Skip to main content
    • Aa
    • Aa

An investigation of hookworm infection and reinfection following mass anthelmintic treatment in the South Indian fishing community of Vairavankuppam

  • Melissa R. Haswell-Elkins (a1), D. B. Elkins (a1), K. Manjula (a2), E. Michael (a1) and R. M. Anderson (a1)...

Hookworm infections, as assessed by counting worms expelled following anthelmintic treatment and by egg output, were found to be of low prevalence and intensity in a South Indian fishing community. The initial overall prevalence of infection in the community was 43%, and the average burden was estimated at 2·2 hookworms per person. The age profiles of prevalence and intensity differed between males and females, with the latter harbouring significantly higher levels of infection. Children of both sexes under 10 years of age rarely harboured hookworms. Treatment with pyrantel pamoate was estimated to be 91% effective in clearing hookworm infections. Egg counts made on stools collected during an 11-month period of reinfection indicated that female patients became reinfected soon after treatment, while little hookworm egg excretion was observed in males during the observation period following treatment. Females acquired a significantly higher number of worms during the reinfection period compared with males, although the average burden in females reached only 28% of the initial, pre-treatment level. The hookworm population consisted of predominantly Necator americanus, and less than 10% of Ancylostoma duodenale. The parasites were highly aggregated within the host population with 10% of the community harbouring over 65% of the total hookworms. Low values of the negative binomial aggregation parameter, k, (indicating extreme over-dispersion) were recorded in groups stratified by age and sex. Highly significant positive correlations were observed between the initial (pre-treatment) and reinfection worm burdens of female (but not of male) patients. It is suggested that occupational practices related to walking through areas contaminated with hookworm larvae play an important role in generating the observed patterns of infection within this community.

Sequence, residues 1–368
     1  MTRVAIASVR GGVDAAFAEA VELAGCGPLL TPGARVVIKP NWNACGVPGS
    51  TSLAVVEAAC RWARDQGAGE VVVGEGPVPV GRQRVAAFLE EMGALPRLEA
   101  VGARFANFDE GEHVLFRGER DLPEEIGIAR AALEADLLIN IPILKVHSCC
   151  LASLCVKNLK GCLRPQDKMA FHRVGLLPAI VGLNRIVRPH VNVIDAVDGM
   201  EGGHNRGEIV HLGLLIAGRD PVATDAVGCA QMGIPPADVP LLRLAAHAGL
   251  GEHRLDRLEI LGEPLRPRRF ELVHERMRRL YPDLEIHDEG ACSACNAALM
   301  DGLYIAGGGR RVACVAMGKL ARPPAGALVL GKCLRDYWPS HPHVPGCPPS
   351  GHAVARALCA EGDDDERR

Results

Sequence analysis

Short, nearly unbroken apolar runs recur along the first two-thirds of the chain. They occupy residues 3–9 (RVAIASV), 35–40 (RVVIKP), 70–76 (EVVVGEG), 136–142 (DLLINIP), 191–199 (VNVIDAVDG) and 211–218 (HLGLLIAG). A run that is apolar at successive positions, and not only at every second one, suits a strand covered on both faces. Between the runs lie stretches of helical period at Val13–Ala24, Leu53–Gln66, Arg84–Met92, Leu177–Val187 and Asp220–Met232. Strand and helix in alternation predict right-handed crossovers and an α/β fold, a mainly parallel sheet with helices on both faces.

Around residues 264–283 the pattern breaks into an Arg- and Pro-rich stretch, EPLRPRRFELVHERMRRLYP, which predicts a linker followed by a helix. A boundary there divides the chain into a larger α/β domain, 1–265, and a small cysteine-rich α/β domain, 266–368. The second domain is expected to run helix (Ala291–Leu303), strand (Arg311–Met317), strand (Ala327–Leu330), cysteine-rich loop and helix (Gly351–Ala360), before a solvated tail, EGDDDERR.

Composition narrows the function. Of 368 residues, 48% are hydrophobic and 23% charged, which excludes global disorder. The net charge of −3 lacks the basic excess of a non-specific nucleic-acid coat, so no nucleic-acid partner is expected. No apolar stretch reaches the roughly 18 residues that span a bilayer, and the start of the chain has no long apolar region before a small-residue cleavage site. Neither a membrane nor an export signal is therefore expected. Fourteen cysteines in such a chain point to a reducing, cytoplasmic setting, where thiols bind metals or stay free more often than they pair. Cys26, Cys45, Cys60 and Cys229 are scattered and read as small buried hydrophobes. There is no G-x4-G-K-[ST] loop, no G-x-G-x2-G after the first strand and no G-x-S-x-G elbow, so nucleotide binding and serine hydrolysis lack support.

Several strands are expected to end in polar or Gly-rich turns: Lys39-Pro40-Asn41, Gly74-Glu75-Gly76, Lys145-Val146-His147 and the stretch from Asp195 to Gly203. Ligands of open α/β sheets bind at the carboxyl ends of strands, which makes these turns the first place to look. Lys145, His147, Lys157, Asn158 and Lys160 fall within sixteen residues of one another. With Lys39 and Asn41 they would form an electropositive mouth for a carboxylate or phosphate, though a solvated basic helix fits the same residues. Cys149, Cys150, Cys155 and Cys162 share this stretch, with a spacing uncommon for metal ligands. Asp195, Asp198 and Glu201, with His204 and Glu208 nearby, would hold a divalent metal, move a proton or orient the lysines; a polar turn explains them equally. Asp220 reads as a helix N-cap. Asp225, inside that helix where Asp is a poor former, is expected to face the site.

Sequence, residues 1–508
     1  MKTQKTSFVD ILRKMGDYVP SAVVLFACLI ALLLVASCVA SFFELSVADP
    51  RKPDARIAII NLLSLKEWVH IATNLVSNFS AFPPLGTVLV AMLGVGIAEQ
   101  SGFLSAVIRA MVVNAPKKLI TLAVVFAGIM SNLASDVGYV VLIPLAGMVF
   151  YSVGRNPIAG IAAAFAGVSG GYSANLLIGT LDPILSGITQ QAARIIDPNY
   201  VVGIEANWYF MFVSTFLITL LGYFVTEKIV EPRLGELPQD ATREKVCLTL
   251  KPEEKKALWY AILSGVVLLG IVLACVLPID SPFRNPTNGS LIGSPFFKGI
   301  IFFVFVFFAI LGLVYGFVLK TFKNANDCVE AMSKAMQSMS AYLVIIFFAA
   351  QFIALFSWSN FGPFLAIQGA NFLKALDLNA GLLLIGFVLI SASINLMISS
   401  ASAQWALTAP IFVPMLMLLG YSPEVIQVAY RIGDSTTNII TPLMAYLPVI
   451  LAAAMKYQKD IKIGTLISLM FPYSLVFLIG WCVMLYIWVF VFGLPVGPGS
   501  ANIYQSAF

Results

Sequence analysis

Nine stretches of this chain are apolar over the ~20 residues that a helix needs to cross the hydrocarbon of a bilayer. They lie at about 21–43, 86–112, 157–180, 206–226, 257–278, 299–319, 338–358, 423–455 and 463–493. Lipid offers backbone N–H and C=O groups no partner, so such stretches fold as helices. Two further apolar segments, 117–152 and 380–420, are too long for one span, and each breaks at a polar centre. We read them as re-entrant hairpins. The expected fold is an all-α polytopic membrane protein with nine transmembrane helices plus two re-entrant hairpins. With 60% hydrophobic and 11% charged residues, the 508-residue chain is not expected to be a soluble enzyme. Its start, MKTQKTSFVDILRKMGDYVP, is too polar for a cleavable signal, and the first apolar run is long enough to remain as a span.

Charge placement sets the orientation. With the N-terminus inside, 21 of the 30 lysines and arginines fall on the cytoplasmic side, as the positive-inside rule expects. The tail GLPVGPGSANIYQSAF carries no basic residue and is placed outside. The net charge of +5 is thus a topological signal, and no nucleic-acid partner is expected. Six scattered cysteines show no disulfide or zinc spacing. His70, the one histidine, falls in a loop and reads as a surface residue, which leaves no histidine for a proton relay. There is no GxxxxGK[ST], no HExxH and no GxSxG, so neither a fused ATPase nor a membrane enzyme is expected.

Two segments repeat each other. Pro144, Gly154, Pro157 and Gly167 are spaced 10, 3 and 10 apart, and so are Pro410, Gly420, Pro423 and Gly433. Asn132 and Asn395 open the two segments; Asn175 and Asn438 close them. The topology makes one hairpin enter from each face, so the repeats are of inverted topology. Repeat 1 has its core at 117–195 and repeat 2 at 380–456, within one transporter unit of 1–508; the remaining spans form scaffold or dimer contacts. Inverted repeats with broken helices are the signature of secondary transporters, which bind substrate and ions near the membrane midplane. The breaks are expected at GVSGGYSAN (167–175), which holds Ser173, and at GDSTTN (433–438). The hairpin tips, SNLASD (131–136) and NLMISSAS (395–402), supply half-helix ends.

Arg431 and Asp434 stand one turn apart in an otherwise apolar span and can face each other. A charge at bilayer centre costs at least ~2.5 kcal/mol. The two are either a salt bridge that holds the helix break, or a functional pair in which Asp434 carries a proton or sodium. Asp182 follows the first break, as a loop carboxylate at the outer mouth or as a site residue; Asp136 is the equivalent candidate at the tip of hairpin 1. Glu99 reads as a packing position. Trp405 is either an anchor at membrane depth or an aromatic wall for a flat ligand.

Hide All
R. M. Anderson , (1986). The population dynamics and epidemiology of intestinal nematode infections. Transactions of the Royal Society of Tropical Medicine and Hygiene 80, 686–96.

R. M. Anderson , & G. A. Schad , (1985). Hookworm burdens and faecal egg counts: an analysis of the biological basis of variation. Transactions of the Royal Society of Tropical Medicine and Hygiene 79, 812–25.

J. M. Behnke , (1987). Do hookworms elicit protective immunity in man?. Parasitology Today 3, 200–6.

D. B. Elkins , M. R. Haswell-Elkins , & R. M. Anderson , (1986). The epidemiology and control of intestinal helminths in the Pulicat Lake region of Southern India. I. Study design and pre- and post-treatment observations on Ascaris lumbricoides infection. Transactions of the Royal Society of Tropical Medicine and Hygiene 80, 774–92.

G. Schad. , & R. M. Anderson , (1985). Predisposition to hookworm infection in humans. Science 228, 1537–40.

Recommend this journal

Email your librarian or administrator to recommend adding this journal to your organisation's collection.

  • ISSN: 0031-1820
  • EISSN: 1469-8161
  • URL: /core/journals/parasitology
Please enter your name
Please enter a valid email address
Who would you like to send this to? *


Altmetric attention score

Full text views

Total number of HTML views: 0
Total number of PDF views: 29 *
Loading metrics...

Abstract views

Total abstract views: 94 *
Loading metrics...

* Views captured on Cambridge Core between September 2016 - 18th October 2017. This data will be updated every 24 hours.